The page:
Dominique de Villepin stepped into the lion's den in London when he came to deliver a lecture to the International Institute for Strategic Studies, a bastion of the British military-political establishment.
Outside a man dressed as a chicken was standing in the sunshine.
He had been sent by The Sun but he told me that he was an Iraqi chicken, whatever that meant. I think he was rather embarrassed.
When the French mention the war, you know things are bad
The French Foreign Minister soothed the British with promises of mending friendships after the war, obligatory references to "shared values" and wartime alliances, even invoking the spirit of De Gaulle and Churchill.
When the French mention the war, you know things are bad.
He offered an olive branch to the Americans, too.
De Villepin brought his message into the heart of British establishment
But a senior former American diplomat I spoke to afterwards murmured that the French minister had said nothing new.
It will take a long time to build those bridges.
The French might even forgive the British first and the British ( those who support the war that is) might forgive them. After all, we are used to it.
And many British rather like the French position anyway at the moment.
Mr de Villepin's line was that France, of course, had been right.
"I would like to say loud and clear," he purred "that our choices were not made against one country or another, but in the name of a certain idea of collective responsibility of a world vision."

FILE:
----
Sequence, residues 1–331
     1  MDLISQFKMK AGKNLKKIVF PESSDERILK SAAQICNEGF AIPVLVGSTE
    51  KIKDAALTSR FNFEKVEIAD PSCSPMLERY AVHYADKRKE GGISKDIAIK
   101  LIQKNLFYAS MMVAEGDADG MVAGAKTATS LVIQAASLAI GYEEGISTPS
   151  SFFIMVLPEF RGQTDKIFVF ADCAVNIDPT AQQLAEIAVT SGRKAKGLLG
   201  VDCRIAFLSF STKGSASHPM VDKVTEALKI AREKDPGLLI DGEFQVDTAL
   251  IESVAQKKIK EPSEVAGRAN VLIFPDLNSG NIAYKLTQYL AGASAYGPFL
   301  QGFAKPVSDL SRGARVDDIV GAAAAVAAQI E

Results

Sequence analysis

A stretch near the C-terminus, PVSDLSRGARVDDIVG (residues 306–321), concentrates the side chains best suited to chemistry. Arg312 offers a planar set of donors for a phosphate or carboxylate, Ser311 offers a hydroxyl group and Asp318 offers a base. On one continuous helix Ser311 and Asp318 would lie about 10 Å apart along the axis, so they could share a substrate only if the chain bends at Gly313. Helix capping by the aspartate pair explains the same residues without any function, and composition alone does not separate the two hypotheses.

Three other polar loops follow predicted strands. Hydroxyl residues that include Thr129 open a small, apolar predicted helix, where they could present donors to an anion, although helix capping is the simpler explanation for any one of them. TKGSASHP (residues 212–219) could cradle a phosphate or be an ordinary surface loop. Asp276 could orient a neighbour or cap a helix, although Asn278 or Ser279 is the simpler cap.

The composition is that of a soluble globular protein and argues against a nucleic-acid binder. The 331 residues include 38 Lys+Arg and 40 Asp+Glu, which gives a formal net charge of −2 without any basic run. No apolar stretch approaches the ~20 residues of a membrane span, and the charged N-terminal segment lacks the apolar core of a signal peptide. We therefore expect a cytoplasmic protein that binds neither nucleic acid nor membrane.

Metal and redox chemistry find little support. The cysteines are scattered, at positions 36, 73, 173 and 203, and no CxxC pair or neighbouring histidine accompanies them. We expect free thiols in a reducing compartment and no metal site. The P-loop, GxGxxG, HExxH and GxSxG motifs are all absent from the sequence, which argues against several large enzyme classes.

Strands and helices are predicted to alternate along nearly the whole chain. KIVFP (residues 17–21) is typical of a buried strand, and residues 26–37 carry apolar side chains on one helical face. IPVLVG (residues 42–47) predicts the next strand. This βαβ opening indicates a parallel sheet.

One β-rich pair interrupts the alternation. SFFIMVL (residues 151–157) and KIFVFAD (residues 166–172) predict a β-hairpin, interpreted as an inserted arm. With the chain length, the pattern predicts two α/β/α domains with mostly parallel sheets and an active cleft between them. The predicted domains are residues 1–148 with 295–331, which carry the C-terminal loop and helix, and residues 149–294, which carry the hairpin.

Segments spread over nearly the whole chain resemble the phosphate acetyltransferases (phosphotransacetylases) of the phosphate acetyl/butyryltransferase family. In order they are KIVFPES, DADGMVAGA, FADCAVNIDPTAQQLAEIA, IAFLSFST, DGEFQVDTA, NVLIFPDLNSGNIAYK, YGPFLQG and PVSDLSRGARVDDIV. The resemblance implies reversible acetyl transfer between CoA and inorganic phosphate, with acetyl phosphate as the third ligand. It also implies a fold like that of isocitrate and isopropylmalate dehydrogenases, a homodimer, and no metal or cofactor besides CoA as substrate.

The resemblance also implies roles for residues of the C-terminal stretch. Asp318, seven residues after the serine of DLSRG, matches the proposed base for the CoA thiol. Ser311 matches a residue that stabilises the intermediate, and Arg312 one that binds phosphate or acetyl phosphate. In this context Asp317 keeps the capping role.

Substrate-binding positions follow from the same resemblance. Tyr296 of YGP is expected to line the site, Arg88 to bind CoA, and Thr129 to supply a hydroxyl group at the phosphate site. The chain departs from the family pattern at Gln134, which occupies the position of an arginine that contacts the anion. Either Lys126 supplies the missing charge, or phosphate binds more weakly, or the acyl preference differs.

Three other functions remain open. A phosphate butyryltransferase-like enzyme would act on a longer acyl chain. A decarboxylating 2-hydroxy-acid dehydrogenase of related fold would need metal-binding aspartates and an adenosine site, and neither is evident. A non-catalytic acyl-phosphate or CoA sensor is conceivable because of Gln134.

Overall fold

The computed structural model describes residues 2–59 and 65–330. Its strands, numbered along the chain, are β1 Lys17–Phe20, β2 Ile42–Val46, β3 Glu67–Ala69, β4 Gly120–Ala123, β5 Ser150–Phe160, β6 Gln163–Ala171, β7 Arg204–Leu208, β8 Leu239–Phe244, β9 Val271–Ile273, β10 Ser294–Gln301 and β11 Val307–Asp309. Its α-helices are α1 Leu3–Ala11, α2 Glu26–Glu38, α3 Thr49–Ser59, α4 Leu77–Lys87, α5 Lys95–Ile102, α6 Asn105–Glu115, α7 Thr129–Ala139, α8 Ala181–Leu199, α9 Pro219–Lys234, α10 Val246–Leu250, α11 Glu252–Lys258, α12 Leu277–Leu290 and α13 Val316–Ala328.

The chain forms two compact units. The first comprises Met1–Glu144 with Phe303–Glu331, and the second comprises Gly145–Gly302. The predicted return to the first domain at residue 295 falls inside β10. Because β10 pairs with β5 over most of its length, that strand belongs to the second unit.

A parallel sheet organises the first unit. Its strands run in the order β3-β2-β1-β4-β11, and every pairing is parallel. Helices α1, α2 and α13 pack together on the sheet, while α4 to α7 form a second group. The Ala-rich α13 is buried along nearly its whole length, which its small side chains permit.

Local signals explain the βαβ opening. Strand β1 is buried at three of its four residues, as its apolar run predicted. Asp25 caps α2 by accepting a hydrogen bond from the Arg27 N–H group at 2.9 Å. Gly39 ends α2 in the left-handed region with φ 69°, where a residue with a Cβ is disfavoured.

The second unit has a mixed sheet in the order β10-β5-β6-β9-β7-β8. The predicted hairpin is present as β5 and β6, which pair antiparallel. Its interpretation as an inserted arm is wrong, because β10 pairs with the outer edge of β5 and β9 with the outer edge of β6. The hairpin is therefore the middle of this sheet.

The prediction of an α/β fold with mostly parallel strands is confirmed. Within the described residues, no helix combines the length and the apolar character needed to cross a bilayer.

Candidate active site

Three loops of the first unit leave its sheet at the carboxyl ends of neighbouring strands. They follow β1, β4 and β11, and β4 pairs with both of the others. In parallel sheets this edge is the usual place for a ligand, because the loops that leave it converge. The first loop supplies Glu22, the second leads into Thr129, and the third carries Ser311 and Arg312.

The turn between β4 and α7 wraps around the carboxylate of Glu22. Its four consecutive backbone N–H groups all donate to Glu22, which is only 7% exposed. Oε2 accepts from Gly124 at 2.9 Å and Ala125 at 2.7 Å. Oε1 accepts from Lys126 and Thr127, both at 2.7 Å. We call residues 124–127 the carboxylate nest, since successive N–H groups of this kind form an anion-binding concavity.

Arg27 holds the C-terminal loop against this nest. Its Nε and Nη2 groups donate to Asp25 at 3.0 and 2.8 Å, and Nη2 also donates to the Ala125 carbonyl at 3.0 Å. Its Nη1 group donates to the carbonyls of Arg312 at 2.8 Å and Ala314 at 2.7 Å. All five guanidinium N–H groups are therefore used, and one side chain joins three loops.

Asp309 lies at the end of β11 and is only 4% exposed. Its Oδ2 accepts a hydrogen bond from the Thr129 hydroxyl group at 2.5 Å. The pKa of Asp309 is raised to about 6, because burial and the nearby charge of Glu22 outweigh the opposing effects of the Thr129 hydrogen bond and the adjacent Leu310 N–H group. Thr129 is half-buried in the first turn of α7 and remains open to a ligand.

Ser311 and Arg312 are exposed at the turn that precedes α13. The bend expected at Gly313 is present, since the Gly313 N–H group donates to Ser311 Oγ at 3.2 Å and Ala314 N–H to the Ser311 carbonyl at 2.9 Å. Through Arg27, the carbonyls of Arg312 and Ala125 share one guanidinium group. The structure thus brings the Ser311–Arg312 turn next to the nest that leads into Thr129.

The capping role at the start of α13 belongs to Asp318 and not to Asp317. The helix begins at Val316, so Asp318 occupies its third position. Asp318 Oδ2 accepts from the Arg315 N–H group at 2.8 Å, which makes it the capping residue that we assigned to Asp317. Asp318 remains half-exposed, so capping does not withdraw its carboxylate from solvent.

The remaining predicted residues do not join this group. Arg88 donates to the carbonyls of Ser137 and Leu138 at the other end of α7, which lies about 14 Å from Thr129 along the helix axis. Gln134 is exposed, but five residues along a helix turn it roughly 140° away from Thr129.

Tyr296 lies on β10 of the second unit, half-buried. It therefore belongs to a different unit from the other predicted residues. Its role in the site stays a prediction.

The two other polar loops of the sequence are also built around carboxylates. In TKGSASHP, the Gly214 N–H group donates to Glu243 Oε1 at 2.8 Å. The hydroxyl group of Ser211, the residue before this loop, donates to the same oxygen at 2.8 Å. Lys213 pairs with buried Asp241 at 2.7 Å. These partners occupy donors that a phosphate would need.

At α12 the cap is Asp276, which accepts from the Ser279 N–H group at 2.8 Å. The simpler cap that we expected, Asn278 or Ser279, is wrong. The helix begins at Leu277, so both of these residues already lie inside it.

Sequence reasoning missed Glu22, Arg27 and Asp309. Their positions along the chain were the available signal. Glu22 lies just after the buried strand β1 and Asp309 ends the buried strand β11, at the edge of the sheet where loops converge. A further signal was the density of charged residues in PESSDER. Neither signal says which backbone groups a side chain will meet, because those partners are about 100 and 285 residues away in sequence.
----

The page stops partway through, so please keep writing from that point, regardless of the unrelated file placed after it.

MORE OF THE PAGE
That reference to "one country or another" meant of course the United States and Britain but he did not name them, implying that the British had been extremely rude to name and blame France.
This was a conceptual lecture and he suggested no practical plan. It is too early for that and in the formulation of a plan will come many an argument.
He looked ahead to a world in which the Security Council took decisions "by consensus" without saying what should happen if there was none. Presumably nothing.
One thing he did emphasise. The UN should take control of Iraq after the war.
His words were: "The UN must be at the heart of the reconstruction and administration of Iraq. The legitimacy of our action depends on it. We must come together to build peace together."
This was a conceptual lecture and he suggested no practical plan.
It is too early for that and in the formulation of a plan will come many an argument. Washington is not at all keen on the UN at the moment. But at least the offer is there.
Dominique de Villepin is a very attractive figure, and is not, according to fellow Frenchman Francois Heisbourg, chairman of the IISS, an "assembly line product of the French meritocracy."
He is an author (about Napoleon) and a poet as well. One felt that he spoke with the voice of France at the moment.
France still believes war was avoidable
I also spoke to Sir John Weston, a classic Brit, in the front row of the audience.
Sir John is a former ambassador to Nato and the UN. He turned out to be critical of British policy and said that it had been a "cop-out to denounce France."
He reminded me that he had written a poem in the subject, which he is rather proud of, though it is a pastiche of something Philip Larkin once wrote. Its last two lines read:
"But tell our children we're a lesser country
If common sense is ruled by moral fervour."
I am sure that Dominque de Villepin, a fellow poet, would have approved.